Wednesday, June 03, 2015

Ten Years a Blogger

Coming up is an anniversary of sorts.  I actually started writing posts for this blog in February 2005, but for the first few months I had a very small audience - the bulk of the comments were from Burks Oakley, who got me started with ALN way back when, ten more years before that, and was one of the handful of people I alerted about this blog. 

The particular event I'm referring to is a post by Scott Leslie on his Edtechpost site announcing my blog and recommending it as a worthwhile read.  From there Stephen Downes picked it up.  Suddenly I had a bunch of readers. 

What has changed in the way I go about writing for the blog over those ten years?  One big thing is that I was much more connected to the profession then, the profession being educational technology or, if you prefer, teaching and learning with technology.  I am quite disconnected now and maybe that makes me less interesting to read.  Another thing, style-wise, I was quite conscious of running two or three parallel threads in each post that I would "weave" together.  I thought of it then as a way to make the writing richer and also as a way to imitate my role model in writing, Stephen Jay Gould (his writing for the New York Review of Books).  I no longer try to do this explicitly, though it happens now and then.  I now simply consider the blogging as a think aloud exercise and aim for coherence in the argument.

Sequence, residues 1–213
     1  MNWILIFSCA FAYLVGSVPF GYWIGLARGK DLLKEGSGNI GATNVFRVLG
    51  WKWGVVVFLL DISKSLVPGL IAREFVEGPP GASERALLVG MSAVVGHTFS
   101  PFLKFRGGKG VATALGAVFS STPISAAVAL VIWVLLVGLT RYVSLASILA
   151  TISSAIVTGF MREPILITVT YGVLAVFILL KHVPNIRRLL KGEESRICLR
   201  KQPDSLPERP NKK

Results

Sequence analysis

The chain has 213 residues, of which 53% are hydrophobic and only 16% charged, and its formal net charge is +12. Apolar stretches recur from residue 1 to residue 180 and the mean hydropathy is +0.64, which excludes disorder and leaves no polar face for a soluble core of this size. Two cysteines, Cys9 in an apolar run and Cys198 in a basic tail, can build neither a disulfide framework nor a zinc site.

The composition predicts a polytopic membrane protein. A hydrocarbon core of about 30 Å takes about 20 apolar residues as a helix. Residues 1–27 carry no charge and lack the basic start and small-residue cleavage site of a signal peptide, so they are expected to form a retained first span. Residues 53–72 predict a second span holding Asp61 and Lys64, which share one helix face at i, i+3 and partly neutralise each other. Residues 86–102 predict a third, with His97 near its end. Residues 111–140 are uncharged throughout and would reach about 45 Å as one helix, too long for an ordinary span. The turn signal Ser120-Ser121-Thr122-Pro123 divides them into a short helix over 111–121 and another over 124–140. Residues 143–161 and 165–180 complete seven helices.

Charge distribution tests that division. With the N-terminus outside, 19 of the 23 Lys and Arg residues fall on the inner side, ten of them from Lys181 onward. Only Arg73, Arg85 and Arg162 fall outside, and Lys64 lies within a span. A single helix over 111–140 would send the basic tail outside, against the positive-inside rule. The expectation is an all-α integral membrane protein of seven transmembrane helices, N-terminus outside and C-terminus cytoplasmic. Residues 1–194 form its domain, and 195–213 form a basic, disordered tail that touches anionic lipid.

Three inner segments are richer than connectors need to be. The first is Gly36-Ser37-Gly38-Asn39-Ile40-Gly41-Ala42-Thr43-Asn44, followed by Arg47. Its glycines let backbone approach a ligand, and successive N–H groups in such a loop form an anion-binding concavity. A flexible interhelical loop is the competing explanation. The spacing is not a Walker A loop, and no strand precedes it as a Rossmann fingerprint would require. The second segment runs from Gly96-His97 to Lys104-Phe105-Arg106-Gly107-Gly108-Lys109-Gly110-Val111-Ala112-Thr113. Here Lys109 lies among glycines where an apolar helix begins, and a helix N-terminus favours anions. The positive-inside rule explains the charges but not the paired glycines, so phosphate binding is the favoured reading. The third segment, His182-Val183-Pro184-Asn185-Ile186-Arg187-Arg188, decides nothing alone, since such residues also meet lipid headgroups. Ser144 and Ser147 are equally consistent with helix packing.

The last thing I will mention about what has changed is that I'm much less interested in the technology itself now.  When I started the blog the campus was just beginning to roll out its enterprise learning management system, which we called Illinois Compass (the software was WebCT Vista), and at the time that was my baby.  Looking back at the history, the technology part of that project crowded out the learning part to a large extent, in a way that seems inevitable to me now.  Then I wanted to be mainstream and pull the campus along, with technology the hook for doing so.  Now I prefer my own idiosyncratic ways even if they don't generate any followers.

1 comment:

shamim ahamed said...

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